The Two Hotel Francforts Synopsis:
It is the summer of 1940, and Lisbon is one of the only neutral ports left in Europe – a city filled with spies, crowned heads and refugees of every nationality, tipping back absinthe to while away the time until their escape. Awaiting safe passage to New York on the S. S. Manhattan, two couples meet: Pete and Julia Winters, expatriate Americans fleeing their sedate life in Paris; and Edward and Iris Freleng, elegant, independently wealthy, bohemian, and beset by the social and sexual anxieties of their class. Swept up in the tumult, the hidden currents of the lives of these four characters – Julia’s status as a Jew, Pete and Edward’s affair, Iris’s increasingly desperate efforts to save her tenuous marriage – begin to come loose. This journey will change the four of them irrevocably, as Europe sinks into war. (Booktopia)
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BOOK REVIEW by Tony Ziemek
This fascinating novel from David Leavitt reminded me of a short story in Julian Barnes’ A History of the World in 10½ Chapters. That story, ‘The Visitors’ is about the hijacking of a cruise ship and the lottery of nationality experienced by hostages, when confronted with terrorists.
The sequence of who gets shot first in such circumstances is typically:
Equal First: Americans and Israelis;
After that, it gets confusing according to the degree of education or political orientation of the terrorists. For example, are the Irish, fellow terrorists against British imperialism or closely allied to them?
Canadians? Members of the British Commonwealth, almost Americans or a quite different and independent nation that doesn’t much care for the USA?
Australians? They get confused with Austrians – probably a good thing as it … buys time.
The Two Hotel Francforts is not just about nationhood but it is impossible to diminish the importance that the lottery of birth plays in life and in the book. As World War II spread throughout Europe, refugees converged in neutral countries with ports that might offer escape. Britain and America dispatched ships to collect their nationals, whereas Belgians and French, for example, had no refuge and endured an endless round of visa-seeking interviews with officials of varying sympathy.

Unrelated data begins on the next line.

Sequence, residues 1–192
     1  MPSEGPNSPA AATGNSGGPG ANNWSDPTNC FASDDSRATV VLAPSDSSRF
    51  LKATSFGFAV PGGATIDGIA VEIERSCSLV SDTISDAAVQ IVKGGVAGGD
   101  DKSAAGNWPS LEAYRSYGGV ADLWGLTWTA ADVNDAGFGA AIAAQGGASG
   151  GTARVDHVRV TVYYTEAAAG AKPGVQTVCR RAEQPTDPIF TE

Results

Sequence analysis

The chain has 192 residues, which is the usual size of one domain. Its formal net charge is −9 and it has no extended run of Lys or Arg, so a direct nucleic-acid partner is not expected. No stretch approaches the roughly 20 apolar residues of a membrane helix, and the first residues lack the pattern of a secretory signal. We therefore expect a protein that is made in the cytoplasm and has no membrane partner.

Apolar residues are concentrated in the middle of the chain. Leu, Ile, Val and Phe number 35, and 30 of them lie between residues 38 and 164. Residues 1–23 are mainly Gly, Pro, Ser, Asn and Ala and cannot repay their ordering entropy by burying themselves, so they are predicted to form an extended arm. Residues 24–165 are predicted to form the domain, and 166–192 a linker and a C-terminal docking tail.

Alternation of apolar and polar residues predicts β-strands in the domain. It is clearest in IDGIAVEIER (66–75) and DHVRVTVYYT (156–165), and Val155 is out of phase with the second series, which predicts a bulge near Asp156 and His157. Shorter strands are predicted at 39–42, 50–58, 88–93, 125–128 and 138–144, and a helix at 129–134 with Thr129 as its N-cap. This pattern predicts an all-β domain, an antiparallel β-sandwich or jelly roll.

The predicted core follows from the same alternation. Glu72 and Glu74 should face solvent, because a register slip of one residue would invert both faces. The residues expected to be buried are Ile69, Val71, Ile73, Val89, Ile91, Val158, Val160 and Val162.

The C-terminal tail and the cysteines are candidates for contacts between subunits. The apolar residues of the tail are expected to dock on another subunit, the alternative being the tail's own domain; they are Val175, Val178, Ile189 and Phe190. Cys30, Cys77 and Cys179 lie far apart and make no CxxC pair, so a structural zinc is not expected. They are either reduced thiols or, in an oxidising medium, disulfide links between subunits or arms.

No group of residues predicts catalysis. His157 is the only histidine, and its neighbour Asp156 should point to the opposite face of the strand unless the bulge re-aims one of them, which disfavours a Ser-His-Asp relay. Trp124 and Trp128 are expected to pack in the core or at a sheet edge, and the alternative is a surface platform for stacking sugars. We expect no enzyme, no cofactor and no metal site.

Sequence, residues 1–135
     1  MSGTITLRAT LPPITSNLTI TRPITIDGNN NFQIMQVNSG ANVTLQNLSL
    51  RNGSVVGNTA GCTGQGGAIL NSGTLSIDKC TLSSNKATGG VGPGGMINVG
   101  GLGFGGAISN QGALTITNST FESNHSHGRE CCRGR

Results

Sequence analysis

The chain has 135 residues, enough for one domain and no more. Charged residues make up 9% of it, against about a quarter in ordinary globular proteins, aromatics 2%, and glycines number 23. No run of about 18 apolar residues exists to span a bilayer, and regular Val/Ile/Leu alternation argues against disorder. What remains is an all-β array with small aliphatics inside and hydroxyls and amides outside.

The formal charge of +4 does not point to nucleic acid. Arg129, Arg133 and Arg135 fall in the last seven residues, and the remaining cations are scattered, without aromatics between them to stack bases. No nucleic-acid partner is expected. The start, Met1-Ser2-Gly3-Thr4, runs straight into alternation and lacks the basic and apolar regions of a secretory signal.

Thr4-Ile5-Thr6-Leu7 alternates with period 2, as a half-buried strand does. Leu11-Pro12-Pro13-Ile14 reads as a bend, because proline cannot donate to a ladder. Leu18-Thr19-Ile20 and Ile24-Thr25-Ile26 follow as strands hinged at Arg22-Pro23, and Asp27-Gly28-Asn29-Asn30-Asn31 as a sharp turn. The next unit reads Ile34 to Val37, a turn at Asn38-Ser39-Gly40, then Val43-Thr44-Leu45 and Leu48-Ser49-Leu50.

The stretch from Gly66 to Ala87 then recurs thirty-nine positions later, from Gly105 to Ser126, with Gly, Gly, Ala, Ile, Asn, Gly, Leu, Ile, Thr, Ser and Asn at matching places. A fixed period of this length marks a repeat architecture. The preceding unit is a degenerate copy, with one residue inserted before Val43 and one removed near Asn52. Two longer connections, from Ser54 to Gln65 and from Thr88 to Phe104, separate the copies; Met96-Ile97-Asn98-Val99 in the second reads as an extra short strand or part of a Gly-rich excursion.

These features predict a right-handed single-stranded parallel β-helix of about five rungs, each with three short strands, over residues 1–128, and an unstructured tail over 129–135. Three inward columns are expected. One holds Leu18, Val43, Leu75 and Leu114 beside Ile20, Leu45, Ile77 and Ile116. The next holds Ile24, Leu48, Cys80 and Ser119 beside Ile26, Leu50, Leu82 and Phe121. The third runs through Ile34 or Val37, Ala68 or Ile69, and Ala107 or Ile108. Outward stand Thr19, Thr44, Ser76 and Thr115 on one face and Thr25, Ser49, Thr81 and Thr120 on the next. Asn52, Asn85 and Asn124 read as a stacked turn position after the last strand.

The reason so many hopefuls were in Lisbon was (according to the novel) the result of a Portuguese Consul in France, who ignored his instructions and approved the visas of every single applicant. A Rabbi stamped the passports and the Consul signed them. They worked late into the night, long after other embassies and consulates had dutifully closed.
The foregoing is vital context but the main plot of The Two Hotel Francforts must be skirted around to avoid a review that would spoil the surprise and the confrontation that it brings. I thought I knew where this plot was headed but I was wrong. It is a subject rarely addressed and carefully treated. Characters and their relationships are beautifully created.
The novel’s setting is a delight, enhanced by imagery that leads the reader through the Lisbon of 1940. There is subtle use of some slippery symbolism. Its precise meaning is allusive rather than explicit but it enhances the plot, themes and atmosphere and suggests multiple layers of interpretation and nuance.
If this all sounds a little dry I apologise, because The Two Hotel Francforts is an enthralling, character driven read but a difficult book to review without giving away too much.
BOOK RATING: The Story 4.5 / 5 ; The Writing 4.5 / 5
~ Tony Ziemek is the lead editor of Ed Fresh Editorial Services.
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Genre: Historical, Romance
Author Information: David Leavitt’s fiction has been a finalist for the PEN/Faulkner Prize, the National Book Critics’ Circle Award and the LA Times Fiction Prize, and shortlisted for the IMPAC Dublin Award. His writing has appeared in the New Yorker, the New York Times, Harper’s and Vogue, among other publications. He lives in Gainesville, Florida, where he is Professor of English at the University of Florida and edits the literary magazine Subtropics.
* Receiving this title free from BloomsburyAustralia did not impact the expression of honest opinions in the review above.
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